Another in my ongoing series of images featuring the harbour wall at Cullercoats.
As I’ve described before, there’s just something this harbour wall in Cullercoats that I love to photograph. Cullercoats Bay is one of my favourite places to photograph, sitting below a curved cliff with RNLI lifeboat station on the edge of the beach as well as the Dove Marine Laboratory, which is quite an interesting building too.
The surrounding coast is also lovely—Longsands beach and King Edward’s Bay to the south are also favourites—and the constant changing conditions you get on the coast always provide something new to photograph.
And yet, it’s this wall that draws most of my attention when it comes to a scene I want to keep going back to with purpose. I’m yet to really figure out what it is I like about it so much but it’s partly the simple, unchanging block of the wall (and the detail of the little speed limit sign) that acts as a kind of anchor for the changeable conditions around it: low tide, high tide; stormy sea or calm; kids tombstoning off the end in summer and paddle boarders floating by all year round.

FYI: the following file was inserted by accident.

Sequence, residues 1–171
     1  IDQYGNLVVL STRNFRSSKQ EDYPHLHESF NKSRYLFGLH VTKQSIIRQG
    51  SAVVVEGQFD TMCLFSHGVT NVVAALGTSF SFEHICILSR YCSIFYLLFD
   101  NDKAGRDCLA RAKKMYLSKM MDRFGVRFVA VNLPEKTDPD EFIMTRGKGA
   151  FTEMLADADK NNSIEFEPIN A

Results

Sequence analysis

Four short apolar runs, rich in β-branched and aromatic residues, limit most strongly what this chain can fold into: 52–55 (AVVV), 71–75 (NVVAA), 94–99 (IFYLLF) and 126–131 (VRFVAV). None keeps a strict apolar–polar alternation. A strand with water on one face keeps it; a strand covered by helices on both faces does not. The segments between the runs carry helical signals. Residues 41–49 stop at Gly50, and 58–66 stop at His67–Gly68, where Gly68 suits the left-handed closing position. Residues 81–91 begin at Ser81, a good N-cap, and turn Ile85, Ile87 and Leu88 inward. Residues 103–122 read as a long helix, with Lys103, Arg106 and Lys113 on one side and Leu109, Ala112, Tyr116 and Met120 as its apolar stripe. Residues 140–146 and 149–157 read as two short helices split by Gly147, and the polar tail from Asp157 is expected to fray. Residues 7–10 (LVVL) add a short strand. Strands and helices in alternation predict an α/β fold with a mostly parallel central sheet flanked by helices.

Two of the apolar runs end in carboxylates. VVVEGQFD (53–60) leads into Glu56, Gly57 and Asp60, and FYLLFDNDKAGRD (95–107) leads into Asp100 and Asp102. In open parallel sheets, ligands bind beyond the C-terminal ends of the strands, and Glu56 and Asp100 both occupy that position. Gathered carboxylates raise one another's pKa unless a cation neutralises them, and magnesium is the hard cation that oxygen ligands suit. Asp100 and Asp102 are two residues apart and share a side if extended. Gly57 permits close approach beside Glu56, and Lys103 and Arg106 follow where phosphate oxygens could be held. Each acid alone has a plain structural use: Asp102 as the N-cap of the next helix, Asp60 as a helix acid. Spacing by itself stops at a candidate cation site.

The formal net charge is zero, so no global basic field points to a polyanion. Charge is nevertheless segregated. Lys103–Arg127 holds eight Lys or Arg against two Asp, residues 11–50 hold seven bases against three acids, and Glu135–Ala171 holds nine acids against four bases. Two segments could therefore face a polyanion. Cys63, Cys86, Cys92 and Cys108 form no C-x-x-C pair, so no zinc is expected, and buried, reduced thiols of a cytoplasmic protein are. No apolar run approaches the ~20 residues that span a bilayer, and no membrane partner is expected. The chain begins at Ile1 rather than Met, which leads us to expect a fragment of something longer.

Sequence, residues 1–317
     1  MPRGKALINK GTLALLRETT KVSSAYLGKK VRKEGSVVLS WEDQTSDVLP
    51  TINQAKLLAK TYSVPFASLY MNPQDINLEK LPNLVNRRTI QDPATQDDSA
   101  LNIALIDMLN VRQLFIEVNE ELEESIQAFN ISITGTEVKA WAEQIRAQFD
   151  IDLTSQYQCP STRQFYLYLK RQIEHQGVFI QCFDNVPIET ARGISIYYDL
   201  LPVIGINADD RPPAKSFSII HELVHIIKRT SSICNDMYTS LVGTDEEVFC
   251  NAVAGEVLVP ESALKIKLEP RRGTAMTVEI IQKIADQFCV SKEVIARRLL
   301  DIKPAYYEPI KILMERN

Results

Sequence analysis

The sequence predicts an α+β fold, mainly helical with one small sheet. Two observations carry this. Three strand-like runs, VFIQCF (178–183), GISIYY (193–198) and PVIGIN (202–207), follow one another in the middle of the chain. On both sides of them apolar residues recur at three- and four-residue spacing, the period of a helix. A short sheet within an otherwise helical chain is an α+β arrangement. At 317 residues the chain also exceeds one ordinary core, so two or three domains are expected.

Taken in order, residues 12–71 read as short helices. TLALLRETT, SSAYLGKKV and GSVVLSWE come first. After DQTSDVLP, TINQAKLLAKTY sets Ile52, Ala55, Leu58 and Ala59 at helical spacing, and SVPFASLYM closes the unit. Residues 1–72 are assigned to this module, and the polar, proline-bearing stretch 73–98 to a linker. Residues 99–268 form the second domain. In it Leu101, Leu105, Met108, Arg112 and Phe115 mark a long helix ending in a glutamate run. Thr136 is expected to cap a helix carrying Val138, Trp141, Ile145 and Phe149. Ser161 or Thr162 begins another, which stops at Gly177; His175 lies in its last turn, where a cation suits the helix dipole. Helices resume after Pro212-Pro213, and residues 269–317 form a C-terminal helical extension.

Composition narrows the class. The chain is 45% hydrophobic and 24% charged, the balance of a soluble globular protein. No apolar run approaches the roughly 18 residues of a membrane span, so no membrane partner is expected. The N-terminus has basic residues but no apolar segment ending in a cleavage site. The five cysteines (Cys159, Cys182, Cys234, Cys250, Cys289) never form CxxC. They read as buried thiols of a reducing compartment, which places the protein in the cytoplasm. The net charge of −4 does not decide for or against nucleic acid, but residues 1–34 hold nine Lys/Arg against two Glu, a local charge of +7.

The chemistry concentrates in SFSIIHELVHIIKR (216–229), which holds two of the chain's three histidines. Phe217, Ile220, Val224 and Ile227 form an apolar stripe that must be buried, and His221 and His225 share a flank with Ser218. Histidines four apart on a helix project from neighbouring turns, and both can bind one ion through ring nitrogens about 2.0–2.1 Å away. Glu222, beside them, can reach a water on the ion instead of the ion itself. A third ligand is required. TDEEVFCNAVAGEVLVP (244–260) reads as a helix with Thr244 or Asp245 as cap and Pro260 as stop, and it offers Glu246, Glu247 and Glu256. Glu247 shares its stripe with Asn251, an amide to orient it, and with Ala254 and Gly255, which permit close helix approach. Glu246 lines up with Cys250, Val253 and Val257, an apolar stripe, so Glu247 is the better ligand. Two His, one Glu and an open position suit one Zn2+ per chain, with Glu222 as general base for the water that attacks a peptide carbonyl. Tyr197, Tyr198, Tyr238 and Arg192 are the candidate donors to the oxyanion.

The framing of today’s image is nearly identical to the last photograph I shared of the wall, and it’s this composition that I really like and want to keep on photographing in different conditions to build up quite a focused series (the first time I’ve ever wanted to do such a thing photographically). I am also collecting a wider portfolio of images featuring the wall, and I’ll eventually put it all together in a book when the collection grows big enough.